Pure camp derives largely from its creator’s inability to discern between the good, the bad, and the so bad it’s good. Where Mariah Carey fits on that spectrum has always been so hard to pin down because she seems at once oblivious to reality and knowingly defiant of her place in it. Like Michael Jackson before her, Mariah appears increasingly intent on perpetuating the perception of herself as an artist in arrested development, often uncomfortably juxtaposing that notion with hypersexual imagery and a mercurial sense of self-awareness. This cognitive dissonance has made her simultaneously fascinating and frustrating for both those who enjoy her talents superficially and those who deign to dig deeper.
Mariah’s 13th studio album, Caution, finds the singer fully and unapologetically embracing those contradictions. She’s flashed glimpses of eccentricity in her work as far back as 1997’s Butterfly, but the deployment of slang, acronyms, and even hashtags in her lyrics and song titles has only intensified in recent years. Which would seem like a transparent attempt at maintaining relevance if not for the fact that it all rolls off her tongue with the same ease as the multisyllabic 10-dollar words and third-person singular peppered throughout songs like “One Mo’ Gen” and “8th Grade.”
“Maybe the lyrics are too heavy,” Mariah muses on the latter track. She’s described the album’s opening song, “GTFO,” as “light-hearted,” and indeed, it bumps along dreamily to a sleek sample of Porter Robinson’s EDM track “Goodbye to a World.” Hidden beneath Mariah’s nonchalant delivery and kitschy patois, however, belies a heaviness that’s perhaps informed by the song’s apocalyptic source material: “You left me lost and disenchanted/Bulldozed my heart as if you planned it,” she laments before downing an entire bottle of California red.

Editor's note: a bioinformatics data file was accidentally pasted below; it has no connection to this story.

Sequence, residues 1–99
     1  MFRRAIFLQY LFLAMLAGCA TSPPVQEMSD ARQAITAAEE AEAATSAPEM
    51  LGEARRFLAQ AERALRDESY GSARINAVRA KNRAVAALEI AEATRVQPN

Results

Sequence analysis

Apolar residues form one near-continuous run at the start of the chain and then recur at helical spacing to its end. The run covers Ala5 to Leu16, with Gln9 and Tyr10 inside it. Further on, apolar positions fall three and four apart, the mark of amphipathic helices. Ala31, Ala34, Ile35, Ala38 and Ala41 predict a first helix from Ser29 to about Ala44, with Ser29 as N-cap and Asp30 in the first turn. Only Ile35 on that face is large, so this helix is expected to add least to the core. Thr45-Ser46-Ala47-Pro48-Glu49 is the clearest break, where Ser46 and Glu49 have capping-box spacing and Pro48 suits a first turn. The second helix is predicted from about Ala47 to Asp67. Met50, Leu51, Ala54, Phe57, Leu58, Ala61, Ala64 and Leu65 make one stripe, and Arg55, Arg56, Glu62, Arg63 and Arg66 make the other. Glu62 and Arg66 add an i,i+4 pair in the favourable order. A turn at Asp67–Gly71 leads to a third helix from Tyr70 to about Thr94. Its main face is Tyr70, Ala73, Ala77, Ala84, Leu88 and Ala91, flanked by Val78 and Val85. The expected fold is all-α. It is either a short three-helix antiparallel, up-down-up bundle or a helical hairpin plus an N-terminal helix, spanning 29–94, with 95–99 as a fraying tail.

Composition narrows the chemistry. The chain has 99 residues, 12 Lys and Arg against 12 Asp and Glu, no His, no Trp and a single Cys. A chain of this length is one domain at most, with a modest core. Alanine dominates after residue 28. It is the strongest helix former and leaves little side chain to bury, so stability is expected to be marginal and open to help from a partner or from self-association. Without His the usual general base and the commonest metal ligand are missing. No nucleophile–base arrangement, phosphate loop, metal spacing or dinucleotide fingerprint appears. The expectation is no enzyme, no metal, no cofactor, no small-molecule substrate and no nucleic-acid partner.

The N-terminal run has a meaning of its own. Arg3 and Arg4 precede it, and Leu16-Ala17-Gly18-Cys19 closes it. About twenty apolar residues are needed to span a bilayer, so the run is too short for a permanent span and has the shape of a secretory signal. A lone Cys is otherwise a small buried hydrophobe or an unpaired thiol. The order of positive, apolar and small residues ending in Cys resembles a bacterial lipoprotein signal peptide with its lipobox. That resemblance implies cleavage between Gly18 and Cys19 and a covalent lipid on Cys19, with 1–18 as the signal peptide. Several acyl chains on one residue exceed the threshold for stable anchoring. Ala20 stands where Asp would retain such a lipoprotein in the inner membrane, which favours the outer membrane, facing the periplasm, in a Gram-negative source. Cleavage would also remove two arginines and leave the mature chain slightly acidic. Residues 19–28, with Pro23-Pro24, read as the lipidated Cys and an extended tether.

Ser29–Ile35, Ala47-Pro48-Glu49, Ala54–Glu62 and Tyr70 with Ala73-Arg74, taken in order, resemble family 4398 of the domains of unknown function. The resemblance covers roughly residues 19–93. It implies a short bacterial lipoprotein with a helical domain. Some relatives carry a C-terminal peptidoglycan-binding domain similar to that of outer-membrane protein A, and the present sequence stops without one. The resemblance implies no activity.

This isn’t the first time that Mariah has drowned her sorrows in song, but an undercurrent of sadness is apparent even when she’s supposedly keeping things buoyant. She’s “haunted” and “desensitized” on the album’s closing track, “Portrait,” a confessional that plays like a sequel to Butterfly‘s “Close My Eyes,” though it lacks the sophistication of that ballad or past album closers like Daydream‘s “Looking In.” Her belting toward the end of the song likewise lacks the clarity and tone of her peak vocals, though she ad-libs in full voice like it’s 1997 on the otherwise unassuming title track.
As Mariah’s gymnastic vocal ability began to wane in the late ‘90s, it was replaced with an equally notable skill: aerobic lyrical phrasing. Mariah has developed a rapper’s ear for both rhythm and message, and rapid-fire references—Marilyn Monroe, Edward Scissorhands, even her lawyer—pile up by the end of each verse of songs like “A No No.” Her words similarly bleed into a heady blur on “One Mo’ Gen”: “I’m gon’ need a ride home now sooner or later/Must I reiterate, can we pick up the pace?”
Backed by a rubbery beat that takes its sweet time stretching out, the aptly titled “The Distance” boasts a hook that perfectly calibrates Mariah’s penchant for both belting and breathy under-performance. The album’s pièce de résistance, however, is “Giving Me Life,” a smoldering six-minute slow jam that successfully recaptures the erotic tension of Mariah’s 1997 single “The Roof.” Produced by Dev Hynes, the track matches the singer’s sultry lower register with a snaky electric guitar riff, a mono synth line inspired by Kool & the Gang’s classic “Summer Madness,” and—because why not?—a sample from the 1983 Dan Aykroyd and Eddie Murphy film Trading Places.
At a mere 10 tracks, Caution is Mariah’s leanest album in 25 years. With the exception of the formulaic “With You,” which sounds like an outtake from E=MC2, the R&B and adult contemporary-style ballads that launched (and re-launched) her career have been largely replaced here by textured, midtempo grooves. Caution feels like the album Mariah has wanted to make all along: one that throws caution to the wind and sees her embracing her inner weirdo. And, ironically, it took her ending up back at Sony Music to do it.